Catch up with multi-instrumentalist Mobley and watch the video for new single, "Solo", off his EP, Some Other Country, out now.
What first got you interested in music?
Mobley: I can hardly remember. I've always liked music, ever since I was a toddler. In terms of pursuing it professionally, I kind of fell into it my freshman year of college.
Which musicians would you say you've been influenced by?
All the ones I've heard.
Do you remember the first album you had?
The first album - I didn't own it - the first album that I really remember having a relationship with was the James Taylor album, New Moon Shine.
Which words would you use to describe your sound to someone who had never heard it?
Man, that is a really difficult question. It gets described as indie rock or indie pop or alternative R&B; those are all pretty nebulous things in my ear, but they seem to help people rank it up. In terms of the way I think about it, I care a lot about memorable qualities, I care a lot about music rhythm, and I really like pop songwriting, in just a broad general sense.
Could you tell us more about the inspirations for your single and the video for "Solo"?
The objective that I was getting at with "Solo" was trying to point at, to a ridiculous degree, to a point of caricature, the desperation of doing something on your own. Obviously, it's not a love song, but I was also thinking about the ways in our society, America's society, that individualism is so special and the ways in which we ignore or make it visible are depending on each other and, for the song, I'm trying to point out the ways in which each individual is, in a very real way, made by the people around them.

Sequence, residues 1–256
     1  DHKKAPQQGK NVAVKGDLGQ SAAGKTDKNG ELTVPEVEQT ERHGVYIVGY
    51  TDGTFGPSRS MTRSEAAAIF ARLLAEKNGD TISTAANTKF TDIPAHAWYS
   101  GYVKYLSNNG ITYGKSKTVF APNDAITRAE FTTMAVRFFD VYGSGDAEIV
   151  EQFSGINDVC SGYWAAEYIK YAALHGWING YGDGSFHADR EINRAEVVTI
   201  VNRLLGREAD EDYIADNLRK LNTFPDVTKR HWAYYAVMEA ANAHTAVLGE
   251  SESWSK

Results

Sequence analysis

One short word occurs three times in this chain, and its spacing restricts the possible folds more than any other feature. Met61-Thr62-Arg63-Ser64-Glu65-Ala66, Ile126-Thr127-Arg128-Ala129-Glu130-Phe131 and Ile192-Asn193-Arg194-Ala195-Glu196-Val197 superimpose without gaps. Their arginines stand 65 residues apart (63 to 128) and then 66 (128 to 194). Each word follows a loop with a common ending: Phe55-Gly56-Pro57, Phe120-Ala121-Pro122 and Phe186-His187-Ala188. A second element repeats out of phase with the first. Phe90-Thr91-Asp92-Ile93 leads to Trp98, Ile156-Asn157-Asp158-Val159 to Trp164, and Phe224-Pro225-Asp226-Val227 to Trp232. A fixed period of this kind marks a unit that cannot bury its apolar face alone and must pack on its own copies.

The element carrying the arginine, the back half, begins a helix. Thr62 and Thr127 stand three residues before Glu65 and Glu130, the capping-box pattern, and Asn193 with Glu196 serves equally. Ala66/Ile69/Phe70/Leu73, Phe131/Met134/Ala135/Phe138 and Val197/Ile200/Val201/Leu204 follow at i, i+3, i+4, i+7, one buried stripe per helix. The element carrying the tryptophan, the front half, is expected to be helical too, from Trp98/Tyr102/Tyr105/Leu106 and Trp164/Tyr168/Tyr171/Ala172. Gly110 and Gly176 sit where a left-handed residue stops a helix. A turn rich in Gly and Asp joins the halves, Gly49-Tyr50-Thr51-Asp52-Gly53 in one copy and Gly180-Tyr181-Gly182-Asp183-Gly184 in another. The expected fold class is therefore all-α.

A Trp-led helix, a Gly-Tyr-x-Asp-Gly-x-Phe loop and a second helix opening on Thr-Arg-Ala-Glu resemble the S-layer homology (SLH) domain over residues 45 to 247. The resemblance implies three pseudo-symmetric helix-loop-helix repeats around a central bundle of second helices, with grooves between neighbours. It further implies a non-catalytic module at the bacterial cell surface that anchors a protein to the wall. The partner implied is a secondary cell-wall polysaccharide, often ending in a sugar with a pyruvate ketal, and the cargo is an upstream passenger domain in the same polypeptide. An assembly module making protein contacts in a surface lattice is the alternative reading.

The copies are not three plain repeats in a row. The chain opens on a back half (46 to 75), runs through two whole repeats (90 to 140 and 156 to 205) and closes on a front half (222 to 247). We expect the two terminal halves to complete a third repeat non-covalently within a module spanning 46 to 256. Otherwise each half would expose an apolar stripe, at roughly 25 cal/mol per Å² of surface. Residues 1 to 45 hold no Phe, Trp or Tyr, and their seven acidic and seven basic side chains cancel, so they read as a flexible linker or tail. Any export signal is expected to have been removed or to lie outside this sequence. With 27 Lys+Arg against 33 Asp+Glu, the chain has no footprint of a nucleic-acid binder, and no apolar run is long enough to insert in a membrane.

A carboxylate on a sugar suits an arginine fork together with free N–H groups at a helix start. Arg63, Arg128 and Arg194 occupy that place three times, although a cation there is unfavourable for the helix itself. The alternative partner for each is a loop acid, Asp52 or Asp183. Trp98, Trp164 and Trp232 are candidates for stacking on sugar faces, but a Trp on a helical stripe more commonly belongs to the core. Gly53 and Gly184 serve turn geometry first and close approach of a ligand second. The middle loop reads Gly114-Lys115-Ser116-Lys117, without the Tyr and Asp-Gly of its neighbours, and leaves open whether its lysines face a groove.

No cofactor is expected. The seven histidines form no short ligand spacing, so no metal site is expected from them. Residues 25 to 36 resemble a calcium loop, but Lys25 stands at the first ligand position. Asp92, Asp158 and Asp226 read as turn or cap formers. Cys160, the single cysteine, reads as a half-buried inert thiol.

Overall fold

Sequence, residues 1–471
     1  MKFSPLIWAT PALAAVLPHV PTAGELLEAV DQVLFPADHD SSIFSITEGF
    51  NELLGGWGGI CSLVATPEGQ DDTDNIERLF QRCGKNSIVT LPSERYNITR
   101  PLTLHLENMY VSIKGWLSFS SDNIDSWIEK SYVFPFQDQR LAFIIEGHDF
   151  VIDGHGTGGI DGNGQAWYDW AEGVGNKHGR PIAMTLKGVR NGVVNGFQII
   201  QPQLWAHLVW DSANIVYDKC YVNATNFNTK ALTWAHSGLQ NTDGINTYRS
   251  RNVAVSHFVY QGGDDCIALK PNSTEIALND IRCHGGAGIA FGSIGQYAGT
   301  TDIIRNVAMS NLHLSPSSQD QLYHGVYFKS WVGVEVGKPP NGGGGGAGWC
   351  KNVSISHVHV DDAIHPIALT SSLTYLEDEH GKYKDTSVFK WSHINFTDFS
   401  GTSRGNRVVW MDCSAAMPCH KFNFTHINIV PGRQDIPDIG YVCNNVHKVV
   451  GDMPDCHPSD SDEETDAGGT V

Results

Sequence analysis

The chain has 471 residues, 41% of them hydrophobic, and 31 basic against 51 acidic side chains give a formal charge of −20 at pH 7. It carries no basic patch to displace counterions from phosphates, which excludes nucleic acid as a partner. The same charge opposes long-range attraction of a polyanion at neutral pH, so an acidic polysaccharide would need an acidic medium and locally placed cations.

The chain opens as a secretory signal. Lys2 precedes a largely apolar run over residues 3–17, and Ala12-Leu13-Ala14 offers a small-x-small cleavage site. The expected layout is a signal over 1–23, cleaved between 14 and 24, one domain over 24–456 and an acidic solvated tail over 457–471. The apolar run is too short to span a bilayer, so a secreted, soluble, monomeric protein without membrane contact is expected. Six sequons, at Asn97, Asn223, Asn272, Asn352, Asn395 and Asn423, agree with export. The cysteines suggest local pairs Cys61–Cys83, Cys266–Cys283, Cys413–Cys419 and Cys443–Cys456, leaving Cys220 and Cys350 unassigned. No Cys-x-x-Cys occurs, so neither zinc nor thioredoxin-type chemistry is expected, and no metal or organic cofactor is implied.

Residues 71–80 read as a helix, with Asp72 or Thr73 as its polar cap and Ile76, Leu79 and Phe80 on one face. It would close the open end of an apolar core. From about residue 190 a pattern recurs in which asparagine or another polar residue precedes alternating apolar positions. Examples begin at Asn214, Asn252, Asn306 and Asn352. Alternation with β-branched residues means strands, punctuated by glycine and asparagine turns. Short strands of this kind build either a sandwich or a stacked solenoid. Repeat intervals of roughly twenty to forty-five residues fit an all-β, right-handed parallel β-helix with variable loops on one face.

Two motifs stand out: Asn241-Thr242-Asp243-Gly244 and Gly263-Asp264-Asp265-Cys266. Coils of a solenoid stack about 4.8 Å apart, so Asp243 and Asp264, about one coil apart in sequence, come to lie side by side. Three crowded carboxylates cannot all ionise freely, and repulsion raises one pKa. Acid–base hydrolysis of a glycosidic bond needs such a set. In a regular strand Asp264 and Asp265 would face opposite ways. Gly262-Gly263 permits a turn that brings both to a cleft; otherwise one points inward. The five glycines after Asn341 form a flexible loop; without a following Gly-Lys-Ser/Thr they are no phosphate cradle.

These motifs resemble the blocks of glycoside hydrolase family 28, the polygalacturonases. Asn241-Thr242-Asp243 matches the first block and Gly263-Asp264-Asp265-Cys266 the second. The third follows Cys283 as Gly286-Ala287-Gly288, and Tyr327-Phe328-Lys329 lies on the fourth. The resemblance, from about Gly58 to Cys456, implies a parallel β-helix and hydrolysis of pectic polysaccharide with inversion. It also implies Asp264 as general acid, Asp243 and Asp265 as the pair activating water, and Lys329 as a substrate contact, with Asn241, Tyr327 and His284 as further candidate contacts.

How would you sum up your EP, Some Other Country, in one sentence?
The one record you have to listen to.
Now that the album's out, is there a track that stands out to you, one you'd call your favorite?
Oh man. I don't know if I can do that. My drummer really likes "Solo". I like them all. As far as the EP goes, the last one that I wrote called "Victoria", that's, I guess, kind of my favorite right now, but they're all excellent.
What do you want your listeners to be able to take away from your music?
I guess I'm really more interested in what they bring to it than what they take away from it. I hope they bring open ears and minds and use their ears and minds to create their own meaning from it. Obviously I have ideas of what it might mean to me and what it might mean to other people, but there's no message if there's nobody at the other end to receive it. So, hopefully it evokes an emotion and, beyond that, I just hope they enjoy it.